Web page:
More than 100 earthquakes have rocked the off-shore waters of the Pacific Northwest in recent days, causing some concern among those along the seismically active Washington and Oregon coast that something larger was looming. While the weekend started on a shaky note, it appears the new work week is starting with a pause, with no earthquakes detected in this region yet today.
A total of 105 earthquakes struck off the coast of Oregon in the last 7 days, including a 4.4 which struck yesterday morning. Most of the earthquakes in this swarm have ranged in intensity from 3.2 to 5.8 magnitudes. These earthquakes are part of a swarm that began December 7. The first earthquake in the series was a 4.2 magnitude shaker which struck at 5:20 am local time. In the first 24 hours of the event, there were more than 55 earthquakes with a magnitude of 3.4 or greater. The greatest in the entire swarm was a 5.8 thus far.
There has been no tsunami threat from the Pacific Northwest swarm. USGS says, “Because these quakes are generally small to moderate in magnitude and have a strike-slip focal mechanism (lateral or horizontal motion, not vertical), they are unlikely generate tsunamis. However, if they become larger, they might cause some increased local waves.” In addition to USGS, the National Weather Service Tsunami Warning Center has also issued their own bulletins on the stronger quakes in the swarms, adding there was no imminent threat of tsunami.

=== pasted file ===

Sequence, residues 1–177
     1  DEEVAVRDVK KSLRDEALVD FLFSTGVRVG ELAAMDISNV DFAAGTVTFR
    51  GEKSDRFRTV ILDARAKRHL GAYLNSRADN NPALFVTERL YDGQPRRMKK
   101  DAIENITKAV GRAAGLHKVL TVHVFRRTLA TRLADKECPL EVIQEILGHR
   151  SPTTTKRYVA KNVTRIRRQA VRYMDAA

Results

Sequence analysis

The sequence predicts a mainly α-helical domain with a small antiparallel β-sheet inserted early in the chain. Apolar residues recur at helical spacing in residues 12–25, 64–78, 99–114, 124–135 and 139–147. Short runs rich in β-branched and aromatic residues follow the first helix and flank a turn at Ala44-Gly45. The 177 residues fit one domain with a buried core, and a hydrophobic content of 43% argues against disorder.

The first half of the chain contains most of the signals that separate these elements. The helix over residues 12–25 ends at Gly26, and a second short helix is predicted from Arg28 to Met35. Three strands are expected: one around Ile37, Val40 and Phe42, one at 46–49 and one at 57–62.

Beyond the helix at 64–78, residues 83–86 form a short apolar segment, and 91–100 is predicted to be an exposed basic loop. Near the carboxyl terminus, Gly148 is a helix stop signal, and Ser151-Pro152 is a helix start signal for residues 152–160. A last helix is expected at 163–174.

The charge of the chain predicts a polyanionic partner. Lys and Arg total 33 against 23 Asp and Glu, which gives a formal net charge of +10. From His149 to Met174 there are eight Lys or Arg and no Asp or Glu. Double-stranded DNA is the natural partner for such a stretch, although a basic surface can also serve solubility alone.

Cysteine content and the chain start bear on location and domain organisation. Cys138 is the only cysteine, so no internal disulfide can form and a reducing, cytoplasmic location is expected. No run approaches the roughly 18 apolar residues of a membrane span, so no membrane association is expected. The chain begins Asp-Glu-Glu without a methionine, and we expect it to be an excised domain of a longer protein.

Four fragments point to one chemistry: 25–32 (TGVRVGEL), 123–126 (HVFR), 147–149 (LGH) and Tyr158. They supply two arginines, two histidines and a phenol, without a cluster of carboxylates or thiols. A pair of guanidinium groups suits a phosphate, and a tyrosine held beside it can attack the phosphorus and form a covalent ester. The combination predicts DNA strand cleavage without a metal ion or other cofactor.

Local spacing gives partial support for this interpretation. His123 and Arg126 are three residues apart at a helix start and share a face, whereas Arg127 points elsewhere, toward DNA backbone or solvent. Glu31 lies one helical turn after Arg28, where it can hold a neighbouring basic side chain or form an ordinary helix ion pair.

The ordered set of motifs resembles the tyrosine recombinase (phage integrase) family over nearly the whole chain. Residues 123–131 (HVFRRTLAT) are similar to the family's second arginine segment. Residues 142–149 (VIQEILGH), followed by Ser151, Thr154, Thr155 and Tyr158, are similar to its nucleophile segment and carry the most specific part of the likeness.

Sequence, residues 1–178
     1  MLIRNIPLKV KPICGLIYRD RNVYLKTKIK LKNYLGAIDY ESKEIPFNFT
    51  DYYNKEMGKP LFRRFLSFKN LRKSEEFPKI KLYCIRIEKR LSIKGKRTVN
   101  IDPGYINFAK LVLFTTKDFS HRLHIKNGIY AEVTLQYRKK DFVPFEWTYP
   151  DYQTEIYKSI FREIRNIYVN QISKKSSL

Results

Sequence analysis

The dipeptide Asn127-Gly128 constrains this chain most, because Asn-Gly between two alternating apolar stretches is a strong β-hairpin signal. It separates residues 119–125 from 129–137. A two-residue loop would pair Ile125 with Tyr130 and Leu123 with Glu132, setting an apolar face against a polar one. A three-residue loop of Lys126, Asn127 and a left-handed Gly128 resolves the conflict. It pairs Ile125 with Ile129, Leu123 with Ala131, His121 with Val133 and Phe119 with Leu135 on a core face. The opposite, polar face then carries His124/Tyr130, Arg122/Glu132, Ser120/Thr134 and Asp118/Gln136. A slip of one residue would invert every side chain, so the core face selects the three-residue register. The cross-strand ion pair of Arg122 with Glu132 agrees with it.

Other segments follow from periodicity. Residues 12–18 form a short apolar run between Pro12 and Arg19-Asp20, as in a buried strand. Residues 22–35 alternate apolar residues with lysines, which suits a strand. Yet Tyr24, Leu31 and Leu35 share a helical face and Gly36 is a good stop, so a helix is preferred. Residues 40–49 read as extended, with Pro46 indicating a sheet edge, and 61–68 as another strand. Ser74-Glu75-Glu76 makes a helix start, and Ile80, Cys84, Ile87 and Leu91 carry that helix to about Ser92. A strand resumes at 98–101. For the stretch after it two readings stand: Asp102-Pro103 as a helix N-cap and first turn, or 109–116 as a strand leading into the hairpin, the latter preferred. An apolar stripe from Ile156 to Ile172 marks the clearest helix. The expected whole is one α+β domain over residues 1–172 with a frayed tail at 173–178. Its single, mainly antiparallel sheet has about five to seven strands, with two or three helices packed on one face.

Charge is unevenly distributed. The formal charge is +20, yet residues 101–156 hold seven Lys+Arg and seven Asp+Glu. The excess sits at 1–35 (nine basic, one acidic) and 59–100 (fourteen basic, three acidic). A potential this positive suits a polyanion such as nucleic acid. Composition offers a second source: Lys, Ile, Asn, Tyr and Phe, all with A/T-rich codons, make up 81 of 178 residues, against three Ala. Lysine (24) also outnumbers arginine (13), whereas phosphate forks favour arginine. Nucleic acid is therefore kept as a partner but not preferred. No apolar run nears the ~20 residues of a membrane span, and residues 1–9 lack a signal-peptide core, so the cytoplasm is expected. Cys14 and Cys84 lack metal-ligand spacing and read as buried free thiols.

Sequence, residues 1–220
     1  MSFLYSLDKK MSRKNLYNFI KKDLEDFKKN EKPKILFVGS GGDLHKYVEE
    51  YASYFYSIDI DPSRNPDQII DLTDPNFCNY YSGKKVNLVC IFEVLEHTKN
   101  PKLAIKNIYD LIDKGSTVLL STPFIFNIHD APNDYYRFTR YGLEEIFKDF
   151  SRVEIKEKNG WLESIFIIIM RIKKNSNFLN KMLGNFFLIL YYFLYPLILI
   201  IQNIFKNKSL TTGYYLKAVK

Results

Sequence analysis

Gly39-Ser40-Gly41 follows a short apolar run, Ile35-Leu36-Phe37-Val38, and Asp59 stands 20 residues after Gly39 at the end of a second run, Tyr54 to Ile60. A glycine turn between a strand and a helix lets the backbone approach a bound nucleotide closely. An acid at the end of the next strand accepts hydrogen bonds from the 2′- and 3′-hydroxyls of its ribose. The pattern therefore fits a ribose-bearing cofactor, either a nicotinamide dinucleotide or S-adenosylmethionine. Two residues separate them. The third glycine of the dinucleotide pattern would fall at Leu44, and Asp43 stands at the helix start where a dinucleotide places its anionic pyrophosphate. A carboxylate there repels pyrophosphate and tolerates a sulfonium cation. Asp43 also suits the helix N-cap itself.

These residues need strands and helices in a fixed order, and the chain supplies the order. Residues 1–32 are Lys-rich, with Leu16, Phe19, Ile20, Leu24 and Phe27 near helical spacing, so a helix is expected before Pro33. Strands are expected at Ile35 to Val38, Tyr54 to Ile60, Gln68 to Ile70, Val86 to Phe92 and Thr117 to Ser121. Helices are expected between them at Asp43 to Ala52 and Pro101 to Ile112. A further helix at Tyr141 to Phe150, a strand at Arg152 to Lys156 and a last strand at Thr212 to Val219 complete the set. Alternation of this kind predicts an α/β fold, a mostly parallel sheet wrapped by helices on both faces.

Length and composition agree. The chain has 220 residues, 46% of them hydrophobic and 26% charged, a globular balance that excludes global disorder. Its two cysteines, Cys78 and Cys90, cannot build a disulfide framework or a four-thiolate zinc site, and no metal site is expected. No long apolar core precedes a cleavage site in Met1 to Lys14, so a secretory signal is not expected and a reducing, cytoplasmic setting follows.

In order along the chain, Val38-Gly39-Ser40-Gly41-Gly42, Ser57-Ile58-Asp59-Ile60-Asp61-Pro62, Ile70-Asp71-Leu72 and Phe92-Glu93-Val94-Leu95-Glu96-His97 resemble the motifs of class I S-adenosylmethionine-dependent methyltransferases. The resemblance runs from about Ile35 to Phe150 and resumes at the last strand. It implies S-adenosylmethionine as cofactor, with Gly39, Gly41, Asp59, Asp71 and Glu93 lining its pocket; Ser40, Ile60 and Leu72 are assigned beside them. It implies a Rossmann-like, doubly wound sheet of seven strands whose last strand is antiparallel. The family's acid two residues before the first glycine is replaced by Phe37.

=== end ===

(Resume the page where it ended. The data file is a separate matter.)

According to USGS, the swarm is located roughly 200 miles west of the Cascadia Subduction Zone and is ongoing along the Blanco Fracture Zone, which is a strike-slip fault system on the edge of the Juan de Fuca plate.
This isn’t the first earthquake swarm to strike this region in recent times. In 2003, a swarm struck within 31 miles of today’s swarm. The 2003 swarm included a magnitude 6.3 earthquake along with 4 other earthquakes that had magnitudes of 5.1 – 6.7. The 2003 swarm only lasted 24 hours; scientists aren’t sure when the ongoing swarm will end.
According to USGS, an earthquake swarm is a sequence of small to moderate earthquakes within a relatively small area that don’t fit the pattern of a mainshock-aftershock sequence. Swarms are usually short-lived, but can continue for days, weeks, or sometimes months, and often recur at the same locations.
The last earthquake from this swarm occured yesterday; if no earthquake occurs today and tomorrow, the swarm will be considered over. One earthquake struck yesterday, none the day before, and 18 the day before that day.
Scientists will continue to monitor the area for any change in seismic behavior; the Tsunami Warning Center will also monitor ongoing earthquake activity and will issue a tsunami advisory if needed.